After completing a Little John bench with a left handed set up I was struck by how odd it still appeared to me despite trying to get accustomed to it throughout the build. It made me realise that although we offer to customise our workbenches in this way, I’ve only ever built around four lefties, which is far less percentage wise than the population in general.
Those who do opt to go left handed with their bench tend to be new to woodworking, and I’ve found for the dozens of other left handed customers a standard set up was chosen because it’s what they had to become used to previously.
When I think about how easy or difficult it might be to use a ‘wrong handed’ bench, I look around and see that most of my tools are symmetrical. In fact glancing over the top of my bench right now, there’s nothing which is handed. I have to move over and check inside my tool box before I actually find a tool – my fillister plane – that would cause an issue. Of course, if need be this could be bought specifically with a left handed design.
I know left handed people struggle a lot with all manner of implements, everything from scissors and can openers, to musical instruments, riffles, computers … almost anything I can think of. So perhaps woodworking could traditionally have been one of the most well catered for activities for left handed folk? There are very few hand tools, bar joinery planes which have any bias at all.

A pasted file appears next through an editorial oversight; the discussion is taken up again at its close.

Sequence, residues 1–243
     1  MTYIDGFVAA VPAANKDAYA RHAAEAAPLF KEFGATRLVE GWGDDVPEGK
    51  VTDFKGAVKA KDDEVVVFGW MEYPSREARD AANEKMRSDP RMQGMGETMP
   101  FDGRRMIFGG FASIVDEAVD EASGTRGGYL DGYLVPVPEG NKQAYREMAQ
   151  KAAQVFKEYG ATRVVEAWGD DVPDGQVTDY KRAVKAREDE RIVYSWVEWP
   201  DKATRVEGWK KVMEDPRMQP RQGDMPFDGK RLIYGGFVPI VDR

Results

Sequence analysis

This is likely something which developed incidentally because it’s the grain direction, rather than ourselves, which dictates so much of how we work. A woodworker who’s been at it a good while will be able to do most tasks with their ‘wrong’ hand for the odd occasion. I remember my Dad making me hammer for days with my left hand, as one day, he said, it will be needed. Confined spaces create such issues, and also when planing something very wide with stubborn grain, you can have little choice than to switch hand. It’s certainly a good problem solving skill to get used to putting a tool in the ‘wrong’ one.
After all this thinking it really begs the question, what is a left or right handed bench? And how much of it is simply down to what we are used to? As a right handed woodworker it’s easy for me to see past any difficulties a left hander might face, so if you’ve had any conundrums to negotiate I’d love to hear about it.
Update: At the present time we’re not building any workbenches for sale, however we have many resources on this website that will help guide you with your own workbench build.
Our English Workbench Video Series takes you step by step through a traditional bench build, starting out with a discussion on choosing the ideal dimensions, demonstrations of how to cut the joinery, right through to flattening your workbench top and building the face vice from scratch.
If you’d like us to guide you through your build with detailed videos and PDF plans, then you can find full details for this Workbench Series here.